Australasian Science: Australia's authority on science since 1938

Wren DNA Reshapes NZ Geological Theory

A DNA analysis of living and extinct species of wrens may change theories concerning New Zealand’s geological and evolutionary past, including the possibility that New Zealand wasn’t completely submerged under the ocean 21–25 million years ago.

Acanthisittid wrens are a group of tiny, largely flightless birds found nowhere else in the world. While they are similar in appearance and behaviour to true wrens, they don’t belong to the same family.

“Of the seven species living before humans arrived in New Zealand, only two now remain: the rock wren and the rifleman,” says Dr Kieren Mitchell of the University of Adelaide’s Australian Centre for Ancient DNA. “Consequently, little is known about their evolution.”

The study led by Mitchell, published in Molecular Phylogenetics and Evolution, analysed DNA from three of the extinct species and two living species. “Most surprisingly, we found that some of the wren species were only distantly related to each other, potentially sharing a common ancestor over 25 million years ago,” he says.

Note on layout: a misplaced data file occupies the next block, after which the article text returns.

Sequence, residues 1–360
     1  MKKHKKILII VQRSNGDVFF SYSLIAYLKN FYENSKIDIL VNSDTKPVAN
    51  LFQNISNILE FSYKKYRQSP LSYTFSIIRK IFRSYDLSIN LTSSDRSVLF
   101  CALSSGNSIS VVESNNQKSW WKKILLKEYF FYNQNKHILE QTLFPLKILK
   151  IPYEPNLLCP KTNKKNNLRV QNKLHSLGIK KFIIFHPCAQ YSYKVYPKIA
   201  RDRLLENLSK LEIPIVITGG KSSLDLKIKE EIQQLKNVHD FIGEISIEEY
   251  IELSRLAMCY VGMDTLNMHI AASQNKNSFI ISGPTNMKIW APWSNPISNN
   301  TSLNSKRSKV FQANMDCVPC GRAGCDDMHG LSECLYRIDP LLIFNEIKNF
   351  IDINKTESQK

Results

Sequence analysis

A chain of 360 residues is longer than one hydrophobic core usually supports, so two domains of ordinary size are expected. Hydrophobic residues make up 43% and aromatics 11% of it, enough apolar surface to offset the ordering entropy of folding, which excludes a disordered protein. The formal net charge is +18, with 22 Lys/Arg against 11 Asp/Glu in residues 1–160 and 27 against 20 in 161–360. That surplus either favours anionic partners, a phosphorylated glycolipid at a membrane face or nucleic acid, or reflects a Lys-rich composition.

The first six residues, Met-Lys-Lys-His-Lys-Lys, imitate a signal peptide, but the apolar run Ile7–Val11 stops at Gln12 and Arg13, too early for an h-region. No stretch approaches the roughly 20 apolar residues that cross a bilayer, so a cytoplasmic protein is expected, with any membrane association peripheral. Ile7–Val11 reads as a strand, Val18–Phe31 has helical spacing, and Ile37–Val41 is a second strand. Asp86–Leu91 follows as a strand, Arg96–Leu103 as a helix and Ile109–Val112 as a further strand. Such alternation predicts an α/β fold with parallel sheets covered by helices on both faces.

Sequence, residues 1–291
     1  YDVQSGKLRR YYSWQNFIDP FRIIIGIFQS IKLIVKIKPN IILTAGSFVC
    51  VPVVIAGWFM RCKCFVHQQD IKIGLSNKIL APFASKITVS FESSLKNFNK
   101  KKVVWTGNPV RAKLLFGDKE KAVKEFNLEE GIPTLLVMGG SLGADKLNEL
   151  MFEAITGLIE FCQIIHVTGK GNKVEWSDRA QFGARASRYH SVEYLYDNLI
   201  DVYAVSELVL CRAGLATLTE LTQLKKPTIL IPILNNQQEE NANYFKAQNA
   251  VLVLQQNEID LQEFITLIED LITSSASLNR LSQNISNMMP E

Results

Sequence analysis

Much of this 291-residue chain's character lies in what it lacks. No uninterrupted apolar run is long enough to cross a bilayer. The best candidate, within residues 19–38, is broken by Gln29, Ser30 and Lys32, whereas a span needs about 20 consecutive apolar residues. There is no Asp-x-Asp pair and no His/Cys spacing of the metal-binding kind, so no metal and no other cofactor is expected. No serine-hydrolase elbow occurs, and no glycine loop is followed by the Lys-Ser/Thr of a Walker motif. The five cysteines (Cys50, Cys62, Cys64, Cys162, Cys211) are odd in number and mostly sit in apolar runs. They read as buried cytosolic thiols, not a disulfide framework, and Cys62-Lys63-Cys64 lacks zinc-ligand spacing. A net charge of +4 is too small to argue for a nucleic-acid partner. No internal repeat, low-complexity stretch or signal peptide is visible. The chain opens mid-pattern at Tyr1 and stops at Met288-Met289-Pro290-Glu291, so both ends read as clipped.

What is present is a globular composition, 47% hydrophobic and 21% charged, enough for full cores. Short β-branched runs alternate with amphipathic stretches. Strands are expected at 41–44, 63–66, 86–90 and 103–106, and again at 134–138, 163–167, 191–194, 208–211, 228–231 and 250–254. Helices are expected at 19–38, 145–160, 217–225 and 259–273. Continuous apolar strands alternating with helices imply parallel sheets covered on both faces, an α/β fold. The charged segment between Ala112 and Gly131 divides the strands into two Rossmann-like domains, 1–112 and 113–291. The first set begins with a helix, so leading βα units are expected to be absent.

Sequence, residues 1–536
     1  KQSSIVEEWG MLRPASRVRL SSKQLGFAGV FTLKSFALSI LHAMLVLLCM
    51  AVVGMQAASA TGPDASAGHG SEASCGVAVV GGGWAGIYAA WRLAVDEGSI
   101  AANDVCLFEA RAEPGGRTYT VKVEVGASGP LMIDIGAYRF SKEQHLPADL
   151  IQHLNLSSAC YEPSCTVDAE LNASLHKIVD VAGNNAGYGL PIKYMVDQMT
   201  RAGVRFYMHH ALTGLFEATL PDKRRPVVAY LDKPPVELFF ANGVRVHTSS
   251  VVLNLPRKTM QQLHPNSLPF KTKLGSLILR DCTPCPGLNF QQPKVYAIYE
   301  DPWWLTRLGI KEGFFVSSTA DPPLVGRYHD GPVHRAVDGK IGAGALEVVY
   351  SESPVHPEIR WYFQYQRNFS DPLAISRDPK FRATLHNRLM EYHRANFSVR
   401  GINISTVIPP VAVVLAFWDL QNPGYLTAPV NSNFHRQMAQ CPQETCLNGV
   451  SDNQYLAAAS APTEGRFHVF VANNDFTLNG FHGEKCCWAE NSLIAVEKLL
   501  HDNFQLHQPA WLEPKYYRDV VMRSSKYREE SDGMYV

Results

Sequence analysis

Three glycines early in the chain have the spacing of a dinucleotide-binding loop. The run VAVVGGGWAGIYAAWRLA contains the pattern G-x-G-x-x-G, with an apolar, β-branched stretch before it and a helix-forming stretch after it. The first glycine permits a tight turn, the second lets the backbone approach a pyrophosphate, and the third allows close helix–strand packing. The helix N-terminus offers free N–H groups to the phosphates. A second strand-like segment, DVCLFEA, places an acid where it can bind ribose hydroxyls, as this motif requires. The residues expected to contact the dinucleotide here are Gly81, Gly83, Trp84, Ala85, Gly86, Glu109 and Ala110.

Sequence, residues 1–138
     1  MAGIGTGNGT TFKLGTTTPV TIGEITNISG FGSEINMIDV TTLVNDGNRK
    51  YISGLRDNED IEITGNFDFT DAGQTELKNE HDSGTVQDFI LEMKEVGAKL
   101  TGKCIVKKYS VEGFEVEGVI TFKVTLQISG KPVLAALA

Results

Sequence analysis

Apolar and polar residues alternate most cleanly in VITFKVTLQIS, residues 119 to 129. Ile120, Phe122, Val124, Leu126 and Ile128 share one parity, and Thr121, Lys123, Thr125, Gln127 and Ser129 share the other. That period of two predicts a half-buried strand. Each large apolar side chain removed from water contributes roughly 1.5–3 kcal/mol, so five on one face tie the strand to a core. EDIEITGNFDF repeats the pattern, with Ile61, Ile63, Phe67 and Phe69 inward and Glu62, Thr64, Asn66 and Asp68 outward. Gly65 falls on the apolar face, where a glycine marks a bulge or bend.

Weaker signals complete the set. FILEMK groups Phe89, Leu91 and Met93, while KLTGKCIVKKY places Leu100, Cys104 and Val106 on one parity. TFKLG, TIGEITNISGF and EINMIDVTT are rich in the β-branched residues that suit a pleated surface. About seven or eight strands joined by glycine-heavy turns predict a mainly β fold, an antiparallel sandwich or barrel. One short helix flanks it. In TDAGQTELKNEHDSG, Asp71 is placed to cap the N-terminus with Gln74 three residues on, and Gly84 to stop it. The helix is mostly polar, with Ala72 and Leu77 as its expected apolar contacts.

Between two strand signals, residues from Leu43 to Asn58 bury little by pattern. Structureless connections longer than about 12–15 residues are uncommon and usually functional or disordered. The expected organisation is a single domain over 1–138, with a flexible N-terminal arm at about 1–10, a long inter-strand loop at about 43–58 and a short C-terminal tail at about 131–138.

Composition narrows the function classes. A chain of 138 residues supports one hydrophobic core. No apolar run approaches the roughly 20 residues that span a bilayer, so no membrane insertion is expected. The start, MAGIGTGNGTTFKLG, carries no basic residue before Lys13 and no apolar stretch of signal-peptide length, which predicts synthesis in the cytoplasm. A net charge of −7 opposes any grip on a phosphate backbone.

“Previously, researchers have suggested that New Zealand was completely submerged 21–25 million years ago, which implies that all of New Zealand’s unique plants and animals must have immigrated and diversified more recently than that time.

“This theory is consistent, for instance, with what is known about the moa, where the different species all shared a common ancestor much more recently than 21 million years ago.

“But the ancient divergences we found among the wrens suggest that they have been resident in New Zealand for more than 25 million years, and possibly as long as 50 million years (when New Zealand became disconnected from the rest of Gondwana). As the wrens were largely very poor fliers, or even flightless, some land must have remained throughout that period.

“This has important consequences for our understanding of the evolution of New Zealand’s unique ecosystems,” Mitchell says.